If there is one thing that Mac Jones has done consistently well this season, it’s say the right thing.
The second-year QB has absolutely done his best to articulate and express what his coaches probably want him to say from the first media meeting of the offseason through this short holiday week’s preparations for a pretty big Thanksgiving night battle with the 8-2 Vikings in Minnesota.
And while we may take such QB leadership for granted around here, in light of Zach Wilson’s immature handling of his job in New York Jones deserves credit where credit is due.
Jones has followed the thumb-pointing, mirror-gazing leadership style that’s been prioritized for years in Foxborough from Drew Bledsoe through Bill Belichick and Tom Brady to the present day. It may seem simple – maybe not so much for Wilson and his ilk – but “we” win whereas “I” need to be better after losses.
Unfortunately relative accountability and professionalism has arguably been Jones’ top accomplishment as the obvious spokesman and leader in New England, a role that’s inherent in the quarterback job whether it’s embraced or not. All along the way, Jones has admirably professed his faith in just about everything and everyone around him, even as seemingly everything and everyone around him has let him down.
Remember those summer proclamations about how much he loved the “open conversation” that was the Patriots’ offense under the new collaborative approach with Matt Patricia, Joe Judge and Belichick doing their best to replace the single-minded, proven stability of Josh McDaniels? When Jones said he and his ill-prepared, inexperienced quarterbacks coach Judge were teaching each other, it almost sounded reasonable.
There was the support of Patricia’s general intelligence and coaching experience, supposedly an asset to Jones and the offense.
Oh, and the never-ending faith in the “process” was second-level salesmanship for a guy who was in the midst of daily practice session debacles in the new, streamlined offense that was marketed as a way to give New England’s playmakers chances to make plays. Outside onlookers may have been comparing Jones’ August action on the fields behind Gillette Stadium to Tim Tebow’s work as his part-time fullback‘s last-ditch effort to salvage his quarterback career petered out on those same practice fields, but No. 10 simply talked about getting one-percent better on a daily basis.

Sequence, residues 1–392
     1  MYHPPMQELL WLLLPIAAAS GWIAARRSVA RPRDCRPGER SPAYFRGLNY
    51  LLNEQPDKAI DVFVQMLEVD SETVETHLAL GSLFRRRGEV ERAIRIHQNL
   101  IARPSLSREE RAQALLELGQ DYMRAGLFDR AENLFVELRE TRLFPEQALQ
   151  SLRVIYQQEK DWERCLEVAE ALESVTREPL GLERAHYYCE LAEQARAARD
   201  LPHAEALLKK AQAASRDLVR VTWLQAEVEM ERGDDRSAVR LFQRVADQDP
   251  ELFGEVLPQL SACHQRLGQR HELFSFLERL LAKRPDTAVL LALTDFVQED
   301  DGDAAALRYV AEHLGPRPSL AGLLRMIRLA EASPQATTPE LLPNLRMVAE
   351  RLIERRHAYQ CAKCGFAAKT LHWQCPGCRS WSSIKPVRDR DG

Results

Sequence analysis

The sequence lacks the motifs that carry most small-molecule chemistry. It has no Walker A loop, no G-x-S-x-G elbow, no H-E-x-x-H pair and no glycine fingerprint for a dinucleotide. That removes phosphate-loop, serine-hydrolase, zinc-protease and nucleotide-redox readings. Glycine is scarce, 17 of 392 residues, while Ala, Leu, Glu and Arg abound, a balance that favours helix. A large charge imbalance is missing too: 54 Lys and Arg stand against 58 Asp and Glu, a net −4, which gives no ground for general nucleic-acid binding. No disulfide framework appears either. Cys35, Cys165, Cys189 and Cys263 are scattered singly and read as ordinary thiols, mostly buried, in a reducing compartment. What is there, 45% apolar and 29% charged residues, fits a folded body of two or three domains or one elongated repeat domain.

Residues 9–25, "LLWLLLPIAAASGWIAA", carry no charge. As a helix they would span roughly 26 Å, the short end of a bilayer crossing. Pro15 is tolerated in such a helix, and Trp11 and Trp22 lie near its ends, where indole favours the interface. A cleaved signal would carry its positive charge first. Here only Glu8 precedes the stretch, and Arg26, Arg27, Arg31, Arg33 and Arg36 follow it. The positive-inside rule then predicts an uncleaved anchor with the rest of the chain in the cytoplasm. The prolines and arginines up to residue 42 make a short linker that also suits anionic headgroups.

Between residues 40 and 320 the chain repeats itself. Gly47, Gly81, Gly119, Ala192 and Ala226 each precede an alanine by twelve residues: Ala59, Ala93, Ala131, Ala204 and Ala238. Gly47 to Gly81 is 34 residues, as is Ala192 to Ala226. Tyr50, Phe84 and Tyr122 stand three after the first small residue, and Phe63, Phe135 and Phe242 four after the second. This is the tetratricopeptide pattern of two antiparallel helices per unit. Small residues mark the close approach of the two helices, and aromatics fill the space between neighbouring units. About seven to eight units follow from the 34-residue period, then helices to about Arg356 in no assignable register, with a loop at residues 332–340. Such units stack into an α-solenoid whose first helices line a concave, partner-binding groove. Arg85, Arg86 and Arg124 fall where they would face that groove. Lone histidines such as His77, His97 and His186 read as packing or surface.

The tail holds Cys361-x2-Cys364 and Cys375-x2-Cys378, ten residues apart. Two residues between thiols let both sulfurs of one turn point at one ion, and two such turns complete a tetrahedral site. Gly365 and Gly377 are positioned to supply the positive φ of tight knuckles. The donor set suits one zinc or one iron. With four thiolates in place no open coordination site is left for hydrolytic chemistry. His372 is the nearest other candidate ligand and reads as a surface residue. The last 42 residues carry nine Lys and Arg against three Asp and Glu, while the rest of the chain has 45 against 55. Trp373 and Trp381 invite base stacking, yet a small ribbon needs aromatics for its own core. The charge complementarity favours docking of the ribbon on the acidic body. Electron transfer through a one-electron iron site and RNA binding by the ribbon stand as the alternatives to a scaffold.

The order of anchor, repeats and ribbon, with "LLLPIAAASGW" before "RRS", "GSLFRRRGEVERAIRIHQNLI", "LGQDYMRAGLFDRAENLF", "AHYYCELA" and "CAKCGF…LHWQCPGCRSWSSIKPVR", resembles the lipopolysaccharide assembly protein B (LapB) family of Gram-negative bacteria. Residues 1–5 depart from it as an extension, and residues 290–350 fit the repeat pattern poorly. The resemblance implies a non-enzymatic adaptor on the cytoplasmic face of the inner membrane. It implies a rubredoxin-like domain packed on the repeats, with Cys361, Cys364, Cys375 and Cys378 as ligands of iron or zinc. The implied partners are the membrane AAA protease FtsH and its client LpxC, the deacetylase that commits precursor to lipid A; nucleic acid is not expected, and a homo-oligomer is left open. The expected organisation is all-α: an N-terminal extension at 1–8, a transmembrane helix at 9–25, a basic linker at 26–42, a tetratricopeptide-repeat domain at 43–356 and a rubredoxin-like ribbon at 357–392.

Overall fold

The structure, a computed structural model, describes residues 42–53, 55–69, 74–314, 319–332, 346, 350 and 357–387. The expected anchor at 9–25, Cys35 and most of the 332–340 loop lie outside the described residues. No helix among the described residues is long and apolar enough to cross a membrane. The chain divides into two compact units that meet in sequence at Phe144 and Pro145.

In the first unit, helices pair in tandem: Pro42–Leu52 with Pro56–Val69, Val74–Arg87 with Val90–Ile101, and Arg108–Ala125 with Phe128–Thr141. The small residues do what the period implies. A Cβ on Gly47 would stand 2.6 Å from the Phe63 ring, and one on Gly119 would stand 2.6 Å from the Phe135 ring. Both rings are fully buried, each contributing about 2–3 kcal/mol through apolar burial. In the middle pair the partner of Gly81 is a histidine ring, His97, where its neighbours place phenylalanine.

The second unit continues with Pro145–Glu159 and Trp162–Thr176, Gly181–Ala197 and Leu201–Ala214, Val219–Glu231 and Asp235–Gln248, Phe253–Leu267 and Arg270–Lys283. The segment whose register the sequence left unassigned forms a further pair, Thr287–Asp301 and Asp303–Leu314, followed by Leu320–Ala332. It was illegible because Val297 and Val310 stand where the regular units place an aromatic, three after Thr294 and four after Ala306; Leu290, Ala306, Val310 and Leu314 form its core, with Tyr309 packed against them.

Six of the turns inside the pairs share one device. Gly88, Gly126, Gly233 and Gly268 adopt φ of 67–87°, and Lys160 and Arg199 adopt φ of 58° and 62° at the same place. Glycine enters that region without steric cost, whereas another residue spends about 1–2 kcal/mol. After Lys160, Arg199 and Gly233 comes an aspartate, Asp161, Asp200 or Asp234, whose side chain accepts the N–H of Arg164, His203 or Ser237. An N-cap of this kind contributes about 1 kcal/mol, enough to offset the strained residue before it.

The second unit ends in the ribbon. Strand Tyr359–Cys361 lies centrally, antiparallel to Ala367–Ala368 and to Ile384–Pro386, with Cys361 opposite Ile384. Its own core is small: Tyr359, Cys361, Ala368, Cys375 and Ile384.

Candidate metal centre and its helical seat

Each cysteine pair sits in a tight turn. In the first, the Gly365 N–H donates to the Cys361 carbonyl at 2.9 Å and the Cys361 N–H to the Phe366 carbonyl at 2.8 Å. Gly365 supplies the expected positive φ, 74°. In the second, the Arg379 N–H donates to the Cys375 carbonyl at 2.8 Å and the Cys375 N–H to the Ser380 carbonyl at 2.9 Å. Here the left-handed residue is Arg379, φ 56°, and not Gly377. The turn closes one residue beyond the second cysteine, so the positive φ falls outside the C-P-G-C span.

Jones’ see-no-evil approach has continued throughout the regular season. Anyone with eyes and a lick of football knowledge knows that Jones has been let down on essentially a weekly basis by an offensive line that’s been as unsettled as it’s been inept. But Jones keeps on emphatically praising the play of the big men in front of him.
This week, the leader of the NFL’s 31st-ranked red zone offense even pulled a new phrase out of his motivational speaking pouch, one he’s carried with him from an early college recruiting trip he took while still in high school, to say the Patriots simply need to “flip the switch” in that critical area of the field that’s been such a struggle. What he didn’t say is that it must be a magical switch, one that suddenly bestows the New England offense with the kind of impact playmakers and fine-tuned scheme it needs to succeed.
Maybe Jones’ best spoken word work of the season came this past Monday during his weekly interview on “Merloni, Fauria & Mego” on WEEI when he was asked if he felt like the Patriots offense that was coming off its ugly, three-point effort against the Jets was “close” to getting to where it needs to be, especially in those red zone struggles.
“I really do. I really do,” Jones responded, saying it twice and seemingly emphasizing “really” to sell it. Maybe he was trying to convince himself. Maybe he was doing the sell-job he’s done all year through endless struggles that have put his critical second NFL season in position to fail. Either way, he did it. He said what he’s supposed to say, as he has all year long.
Unfortunately, by no fault of his own, we’ve all learned this season that Jones can’t really be taken at his word, because he’s indeed a good soldier. He says what needs to be said at the time to try to help his team in any way possible. Call it spin. Call it PR. Call it leadership. Jones doesn’t hesitate, he just says it.
Belichick’s decisions and team makeup put Jones in a terrible position. On the field, the young passer has certainly regressed in his development in large part due to the coaching, blocking and playmaking failures around him.
But off the field, as the leader and spokesman of not just the offense but the entire time, New England’s quarterback captain has pretty much said all the right things.
So he’s got that goin’ for him, which is nice.
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